I read with interest your article on yet another works BSA – Mart’s Beesa. It is very important (to me at least) that as many details as possible are gleaned at this time as the witnesses are fast disappearing.
A few observations if I may – the first is that both this and Sid’s bike are derived from the BSA Victor GP as opposed to the production C15T which used the heavier frame of the Victor Enduro amongst others.
To make it more suitable for trials, the wheelbase is shortened by fitting the swinging arm from the Enduro/c15t/victor Special etc, which is an inch shorter than the GP and by putting an extra degree or two into the top yoke. You can see the rake on the very first big picture – daylight at top yoke greater than bottom. Also you will note the chainguard is fixed to the welded-on boss on the swinging arm.
The picture of the three brothers is very revealing as it shows the painted (yellow) GP tank complete with bung on Sid’s bike – I think Mart’s one was also yellow in this picture; it might have been painted white later, and it would have had the tank with the bung – they have done away with the airbox (too heavy) and use a bit of fabric to shield the air filter and electrics from the mud. The works engines all had a distinctive points cover turned from a lump of alloy – this is a bit of a secret to distinguish works bits – both Sid’s and Martin’s bikes had them.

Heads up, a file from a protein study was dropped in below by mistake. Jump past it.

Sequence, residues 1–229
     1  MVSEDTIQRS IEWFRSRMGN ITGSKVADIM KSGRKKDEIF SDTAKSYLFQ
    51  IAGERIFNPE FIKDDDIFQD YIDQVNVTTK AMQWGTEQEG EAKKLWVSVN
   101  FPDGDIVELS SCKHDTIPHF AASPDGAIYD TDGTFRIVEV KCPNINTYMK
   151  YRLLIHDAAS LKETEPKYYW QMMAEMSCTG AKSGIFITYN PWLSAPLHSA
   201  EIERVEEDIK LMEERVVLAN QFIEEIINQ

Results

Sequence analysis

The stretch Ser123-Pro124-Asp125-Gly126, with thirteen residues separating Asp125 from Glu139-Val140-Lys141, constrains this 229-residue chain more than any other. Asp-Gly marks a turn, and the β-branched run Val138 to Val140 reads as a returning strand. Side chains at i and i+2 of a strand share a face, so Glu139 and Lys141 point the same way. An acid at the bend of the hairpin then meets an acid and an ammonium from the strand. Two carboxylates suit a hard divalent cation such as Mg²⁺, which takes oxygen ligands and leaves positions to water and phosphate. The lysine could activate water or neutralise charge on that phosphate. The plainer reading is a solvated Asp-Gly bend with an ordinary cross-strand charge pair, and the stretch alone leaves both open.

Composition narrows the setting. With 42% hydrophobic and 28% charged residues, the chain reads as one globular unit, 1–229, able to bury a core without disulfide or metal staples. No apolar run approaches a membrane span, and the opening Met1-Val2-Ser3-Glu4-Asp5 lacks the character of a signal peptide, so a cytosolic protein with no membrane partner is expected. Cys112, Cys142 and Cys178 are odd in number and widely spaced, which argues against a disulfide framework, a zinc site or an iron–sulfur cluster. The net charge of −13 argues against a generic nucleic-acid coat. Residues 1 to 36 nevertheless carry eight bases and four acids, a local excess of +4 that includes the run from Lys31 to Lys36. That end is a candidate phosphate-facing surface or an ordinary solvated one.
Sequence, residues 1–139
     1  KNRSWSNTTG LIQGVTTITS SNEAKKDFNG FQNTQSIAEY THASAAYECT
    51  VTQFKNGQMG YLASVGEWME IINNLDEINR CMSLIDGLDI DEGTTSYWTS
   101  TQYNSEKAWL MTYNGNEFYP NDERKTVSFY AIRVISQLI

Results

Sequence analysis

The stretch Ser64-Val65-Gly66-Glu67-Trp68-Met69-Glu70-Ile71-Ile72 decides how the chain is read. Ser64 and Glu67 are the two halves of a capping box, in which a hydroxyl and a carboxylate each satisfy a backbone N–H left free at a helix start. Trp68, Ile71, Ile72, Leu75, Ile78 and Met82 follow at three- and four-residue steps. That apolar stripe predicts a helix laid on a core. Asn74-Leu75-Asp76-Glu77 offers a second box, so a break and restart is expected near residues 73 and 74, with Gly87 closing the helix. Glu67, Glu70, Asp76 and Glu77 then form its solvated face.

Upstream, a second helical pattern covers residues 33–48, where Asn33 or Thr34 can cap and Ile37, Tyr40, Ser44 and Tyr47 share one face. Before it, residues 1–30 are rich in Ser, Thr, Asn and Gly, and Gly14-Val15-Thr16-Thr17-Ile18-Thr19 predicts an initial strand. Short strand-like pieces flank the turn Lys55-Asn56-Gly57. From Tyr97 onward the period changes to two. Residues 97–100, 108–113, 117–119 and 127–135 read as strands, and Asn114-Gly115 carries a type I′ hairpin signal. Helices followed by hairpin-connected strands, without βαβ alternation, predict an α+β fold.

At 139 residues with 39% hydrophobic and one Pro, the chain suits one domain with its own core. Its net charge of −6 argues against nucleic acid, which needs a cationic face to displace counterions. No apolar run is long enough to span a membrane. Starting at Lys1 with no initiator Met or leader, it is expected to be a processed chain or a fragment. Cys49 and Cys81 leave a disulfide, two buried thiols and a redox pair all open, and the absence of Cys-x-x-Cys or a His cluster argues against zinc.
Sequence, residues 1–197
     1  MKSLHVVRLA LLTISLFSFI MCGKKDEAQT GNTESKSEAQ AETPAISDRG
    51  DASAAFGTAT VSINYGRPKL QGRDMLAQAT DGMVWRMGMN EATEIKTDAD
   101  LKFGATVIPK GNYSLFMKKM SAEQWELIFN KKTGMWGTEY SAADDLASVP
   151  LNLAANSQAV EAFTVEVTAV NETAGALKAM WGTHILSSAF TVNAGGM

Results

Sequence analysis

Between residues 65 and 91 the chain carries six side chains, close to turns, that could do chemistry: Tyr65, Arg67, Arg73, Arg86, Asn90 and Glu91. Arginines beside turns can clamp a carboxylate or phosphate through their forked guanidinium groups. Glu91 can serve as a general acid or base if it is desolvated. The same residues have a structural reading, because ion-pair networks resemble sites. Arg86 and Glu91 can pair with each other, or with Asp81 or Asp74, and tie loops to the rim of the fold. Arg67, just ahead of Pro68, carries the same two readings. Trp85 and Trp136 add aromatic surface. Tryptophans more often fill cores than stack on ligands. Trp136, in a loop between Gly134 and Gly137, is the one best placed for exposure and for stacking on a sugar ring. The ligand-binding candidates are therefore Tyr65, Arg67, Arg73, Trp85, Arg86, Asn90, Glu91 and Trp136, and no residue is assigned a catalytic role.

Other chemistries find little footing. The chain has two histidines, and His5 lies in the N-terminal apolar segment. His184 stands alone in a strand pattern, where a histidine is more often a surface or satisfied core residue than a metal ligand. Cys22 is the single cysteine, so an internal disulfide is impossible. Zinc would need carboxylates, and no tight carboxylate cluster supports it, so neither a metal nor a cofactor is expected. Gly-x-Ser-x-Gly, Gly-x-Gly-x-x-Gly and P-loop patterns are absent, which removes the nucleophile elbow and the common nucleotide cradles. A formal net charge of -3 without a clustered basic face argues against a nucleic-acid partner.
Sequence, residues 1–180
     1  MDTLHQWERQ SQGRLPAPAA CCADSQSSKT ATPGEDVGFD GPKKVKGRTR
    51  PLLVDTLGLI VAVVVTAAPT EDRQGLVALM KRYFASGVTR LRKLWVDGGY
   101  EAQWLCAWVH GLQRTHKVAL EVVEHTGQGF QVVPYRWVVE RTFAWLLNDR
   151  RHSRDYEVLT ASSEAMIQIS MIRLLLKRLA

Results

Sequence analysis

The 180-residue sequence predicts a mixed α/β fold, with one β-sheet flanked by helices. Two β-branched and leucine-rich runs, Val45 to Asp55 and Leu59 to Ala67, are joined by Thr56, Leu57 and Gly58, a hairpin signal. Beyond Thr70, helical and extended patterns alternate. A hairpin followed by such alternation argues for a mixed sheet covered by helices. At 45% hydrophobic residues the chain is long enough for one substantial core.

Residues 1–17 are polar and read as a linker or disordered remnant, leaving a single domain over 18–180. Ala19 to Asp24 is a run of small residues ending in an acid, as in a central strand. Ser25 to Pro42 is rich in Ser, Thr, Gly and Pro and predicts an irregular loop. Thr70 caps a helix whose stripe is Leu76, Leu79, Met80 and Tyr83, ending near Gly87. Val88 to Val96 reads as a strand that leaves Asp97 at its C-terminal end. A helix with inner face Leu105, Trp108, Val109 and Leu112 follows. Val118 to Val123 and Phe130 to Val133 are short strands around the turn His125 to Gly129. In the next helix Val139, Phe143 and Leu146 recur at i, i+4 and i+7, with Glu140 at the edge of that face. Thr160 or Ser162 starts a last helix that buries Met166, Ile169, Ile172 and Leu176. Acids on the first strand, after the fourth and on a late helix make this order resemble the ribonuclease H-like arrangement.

Works bikes tended to have nickel-plated frames – both do – the plating bath was right next to the comp shop.
The forks are interesting as they are bolt-up end caps and are chrome-plated – again a works thing – I don't know the origin of the forks but they are longer than production items.
You show a picture of the bulb horn situated adjacent to the seat loop of the GP frame – unused for the trials seat as they were attempting to keep the seat lower – this loop was cut off the works scrambles bikes in 1967.
Both hubs would be Bantam – being so much lighter than others.
I would say that Martin’s bike was as much a works bike as any other – it has bits only available from the comps department and it would have been difficult to get hold of a GP frame at that time. At around this time, perhaps a little later, Scott Ellis had a GP framed C15 – it would eventually transmogrify into the Otter.
Some bikes were fitted with a scrambles cam, which made it a bit lively to ride – hence you usually saw the works BSAS take sections at speed! The frame shows signs of someone adding brackets for bits and pieces and the ignition system would have been energy transfer – which the works mechanics took a lot of trouble to set up and which did work, so I am told. Thank you for a very interesting article. Mike Wadsworth Email Hi Mike, the problem all magazine editors have – and we’ve discussed this before – is space. For bikes such as the Lampkins’ BSAS I could easily have filled the magazine with information. Thanks for solving a few queries as well, perhaps we ought to do a definitive Victor piece too… TB